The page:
How Creative Sponsorships Help This Music Festival Reach Miami’s Millennials
Strong headliners, multisensory installations, and surprise activations combine to help III Points compete against more established festivals.
An annual celebration of the Wynwood Arts District and its underbelly of hipster-forward culture, III Points notched its sixth edition February 15 to 17 at Mana Wynwood. More than 150 musical acts performed on seven separate concept stages at its extensive, indoor-outdoor warehouse-style grounds.
Despite its underground concept, III Points has established itself in a climate when local competitors are not experiencing the same success.
“Our small, dedicated, creative, fierce team is what drives the whole project,” said festival co-founder Erica Freshman. That’s in comparison to the long-established Ultra Music Festival, which is relocating to Virginia Key this year after being pushed out of its home in Bayfront Park, and nearby Okeechobee Festival, which is on hiatus after three consecutive years. (Freshman brought on members from the Okeechobee production team.) And to say nothing of the notorious Fyre Festival, which took place not too far away in the Bahamas.
“You need to love and trust the people you are in the trenches with, because it's not always pretty,” she said. “You need to be genuinely committed to your core values, and not deviate from the reason you got into this crazy business in the first place.”
Headliners of the festival included Erykah Badu, Herbie Hancock, A$AP Rocky, SZA, The Internet, Raekwon and Ghostface Killah, James Blake, James Murphy, and Tyler, the Creator. In addition to big-name talent, the festival tries to book local performers for about half of its programming. “We are a Miami-based festival committed to our city,” Freshman said. “This is my hometown, and elevating the music profile was one of the main reasons we got into this.”
Local musicians and DJs received exposure at Skate Space, an indoor roller rink in partnership with Faena Art with an elevated DJ booth mounted in the center of the painted floor. Throughout the weekend, emerging artist collectives Space Tapes, Internet Friends, and Bermuda Triangle hosted the decks as returning sponsor Stillhouse poured whiskey-infused cocktails to both roller skaters and spectators.
Another hallmark of III Points is the presentation of multisensory activations that appeal to its millennial audience, such as this year’s Max Cooper and Architecture Social Club “Aether” installation. Presented by Heineken, the activation invited festivalgoers into a dimly lit lounge underneath a hanging sculpture that was bathed in light spectrums timed to symphonic interludes. It provided an all-sensory refuge from outside civilization. “We were really excited to work with Heineken,” said Freshman. “They were committed to pushing our art initiative and to do something outside of the box.”
Nearby, unfolding in two shipping containers, footage of ‘60s and ‘70s feminist artist Judy Chicago’s smoke-and-firework-influenced “Atmospheres” was projected through a partnership with the Institute of Contemporary Art, Miami. Across the way from the Chicago exhibit sat an illuminated (but stationary) Gravitron amusement park ride renovated by Red Bull to contain a circular bar, where mixologists poured drinks for guests.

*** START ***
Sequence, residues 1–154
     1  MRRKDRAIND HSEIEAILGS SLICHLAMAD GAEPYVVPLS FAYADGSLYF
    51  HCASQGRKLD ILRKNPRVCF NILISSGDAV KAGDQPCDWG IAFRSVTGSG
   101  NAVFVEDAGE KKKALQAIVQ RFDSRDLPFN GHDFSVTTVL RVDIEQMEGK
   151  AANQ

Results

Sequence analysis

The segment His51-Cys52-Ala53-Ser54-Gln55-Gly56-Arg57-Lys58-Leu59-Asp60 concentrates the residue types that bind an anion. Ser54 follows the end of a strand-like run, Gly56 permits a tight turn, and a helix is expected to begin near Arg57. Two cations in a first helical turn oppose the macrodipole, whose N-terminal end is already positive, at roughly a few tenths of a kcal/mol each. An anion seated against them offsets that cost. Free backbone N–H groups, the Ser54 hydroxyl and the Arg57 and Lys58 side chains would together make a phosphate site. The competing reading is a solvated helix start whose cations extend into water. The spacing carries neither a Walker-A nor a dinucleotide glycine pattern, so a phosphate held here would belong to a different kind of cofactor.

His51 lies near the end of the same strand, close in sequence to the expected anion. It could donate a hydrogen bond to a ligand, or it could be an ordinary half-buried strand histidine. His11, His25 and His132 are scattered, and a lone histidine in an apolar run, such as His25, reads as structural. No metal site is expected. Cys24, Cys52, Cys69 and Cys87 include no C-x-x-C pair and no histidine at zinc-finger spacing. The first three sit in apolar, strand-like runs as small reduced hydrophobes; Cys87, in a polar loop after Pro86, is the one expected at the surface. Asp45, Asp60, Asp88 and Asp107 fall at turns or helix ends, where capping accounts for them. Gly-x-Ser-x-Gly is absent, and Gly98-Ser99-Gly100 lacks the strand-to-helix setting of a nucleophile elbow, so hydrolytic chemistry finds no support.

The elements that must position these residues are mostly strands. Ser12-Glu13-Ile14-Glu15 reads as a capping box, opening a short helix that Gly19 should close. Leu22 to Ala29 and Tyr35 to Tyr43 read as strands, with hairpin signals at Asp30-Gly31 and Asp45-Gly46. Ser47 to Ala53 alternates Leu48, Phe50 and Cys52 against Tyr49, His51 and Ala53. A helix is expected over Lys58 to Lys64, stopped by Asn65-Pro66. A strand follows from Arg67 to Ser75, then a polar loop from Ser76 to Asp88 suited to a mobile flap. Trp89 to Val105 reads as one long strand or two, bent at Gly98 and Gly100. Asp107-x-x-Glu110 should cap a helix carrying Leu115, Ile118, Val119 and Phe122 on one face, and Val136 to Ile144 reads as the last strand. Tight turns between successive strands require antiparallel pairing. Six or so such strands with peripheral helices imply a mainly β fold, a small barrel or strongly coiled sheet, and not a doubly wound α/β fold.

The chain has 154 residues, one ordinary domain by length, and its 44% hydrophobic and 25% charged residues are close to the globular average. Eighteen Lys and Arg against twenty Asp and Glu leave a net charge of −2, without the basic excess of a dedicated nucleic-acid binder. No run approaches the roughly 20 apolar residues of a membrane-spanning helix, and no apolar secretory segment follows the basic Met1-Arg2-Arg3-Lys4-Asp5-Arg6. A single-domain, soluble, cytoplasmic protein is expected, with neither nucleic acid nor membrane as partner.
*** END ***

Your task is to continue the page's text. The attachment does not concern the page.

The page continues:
A new food and beverage promotion, dubbed “Dinner and a Show,” appealed to local couples celebrating Valentine’s Day weekend. The dinner, which required separate tickets and a reservation, offered a three-course, prix-fixe menu catered by Fooq’s and bottles of rosé in ice buckets from the Palm by Whispering Angel. The pop-up restaurant setting had elevated V.I.P.-style views of performances.
Other activations reflected the festival’s progressive values, which is why the glow of neon green marijuana leaf signage inviting guests into the Green Space seemed fitting. “This was bound to happen,” said Freshman. “The perspective on marijuana has shifted so drastically that it would be weird not to have it—especially with our demographic.” The indoor warehouse boutique hosted two vendors: Trulieve, which showcased (but did not offer samples) of its CBD- and THC-infused medical marijuana products, and High Life Medical Centers, which, for a price of as much as $250, invited guests in for a consultation with an onsite medical marijuana-licensed doctor for diagnoses and medical card issuances.
In addition to the “green” presence was a popular build-out by Blu, the e-cigarette and vape kit purveyor. In exchange for a dollar-per-day entry fee and an ID, guests were invited to explore the newly launched “Pledge World” campaign, which encourages adults to embark on life-changing journeys. The space featured an onsite tattoo parlor, an elevated “Pledge Jump” freefall experience, a vape sampling bar, and a lounge. “The sponsorship process is a collaborative one,” Freshman said. “We work with brands to add real value to their experiences, versus just slapping a logo on something.”
III Points proves that with a strong concept and a dedicated team, an underground festival can, in fact, survive—and even outshine those in the mainstream limelight. “It’s hard, very hard,” Freshman said. “But good music breeds good music, and [our team] is amazing at finding the interconnectivity that makes this puzzle fit.”
Organizers already plan to return to Wynwood for the festival's seventh edition. “I’m still floating. It’s amazing to see your imagination transform a parking lot into a weirdo adult playground with an amazing live soundtrack,” Freshman said. “I can’t wait to get back with my other weirdos and start ideating for 2020.”
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